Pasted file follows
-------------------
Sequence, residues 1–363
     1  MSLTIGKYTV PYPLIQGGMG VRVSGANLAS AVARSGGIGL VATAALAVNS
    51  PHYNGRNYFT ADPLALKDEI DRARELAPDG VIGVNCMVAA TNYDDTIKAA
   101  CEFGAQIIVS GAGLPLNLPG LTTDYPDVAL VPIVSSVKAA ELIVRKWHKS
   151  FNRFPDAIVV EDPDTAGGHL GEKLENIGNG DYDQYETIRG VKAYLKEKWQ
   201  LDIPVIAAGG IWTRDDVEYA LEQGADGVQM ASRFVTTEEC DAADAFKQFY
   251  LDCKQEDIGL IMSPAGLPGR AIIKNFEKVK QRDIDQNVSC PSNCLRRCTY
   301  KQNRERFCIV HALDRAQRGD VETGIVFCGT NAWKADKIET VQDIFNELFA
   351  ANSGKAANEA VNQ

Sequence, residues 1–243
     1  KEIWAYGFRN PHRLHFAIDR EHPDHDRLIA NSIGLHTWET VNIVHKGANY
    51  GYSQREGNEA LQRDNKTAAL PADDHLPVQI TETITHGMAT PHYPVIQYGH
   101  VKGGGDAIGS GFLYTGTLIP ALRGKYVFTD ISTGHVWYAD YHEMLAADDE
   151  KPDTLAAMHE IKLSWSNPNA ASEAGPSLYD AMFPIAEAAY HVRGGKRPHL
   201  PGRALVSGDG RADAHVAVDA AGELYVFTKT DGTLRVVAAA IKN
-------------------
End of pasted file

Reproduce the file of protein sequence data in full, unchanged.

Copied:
Sequence, residues 1–363
     1  MSLTIGKYTV PYPLIQGGMG VRVSGANLAS AVARSGGIGL VATAALAVNS
    51  PHYNGRNYFT ADPLALKDEI DRARELAPDG VIGVNCMVAA TNYDDTIKAA
   101  CEFGAQIIVS GAGLPLNLPG LTTDYPDVAL VPIVSSVKAA ELIVRKWHKS
   151  FNRFPDAIVV EDPDTAGGHL GEKLENIGNG DYDQYETIRG VKAYLKEKWQ
   201  LDIPVIAAGG IWTRDDVEYA LEQGADGVQM ASRFVTTEEC DAADAFKQFY
   251  LDCKQEDIGL IMSPAGLPGR AIIKNFEKVK QRDIDQNVSC PSNCLRRCTY
   301  KQNRERFCIV HALDRAQRGD VETGIVFCGT NAWKADKIET VQDIFNELFA
   351  ANSGKAANEA VNQ

Sequence, residues 1–243
     1  KEIWAYGFRN PHRLHFAIDR EHPDHDRLIA NSIGLHTWET VNIVHKGANY
    51  GYSQREGNEA LQRDNKTAAL PADDHLPVQI TETITHGMAT PHYPVIQYGH
   101  VKGGGDAIGS GFLYTGTLIP ALRGKYVFTD ISTGHVWYAD YHEMLAADDE
   151  KPDTLAAMHE IKLSWSNPNA ASEAGPSLYD AMFPIAEAAY HVRGGKRPHL
   201  PGRALVSGDG RADAHVAVDA AGELYVFTKT DGTLRVVAAA IKN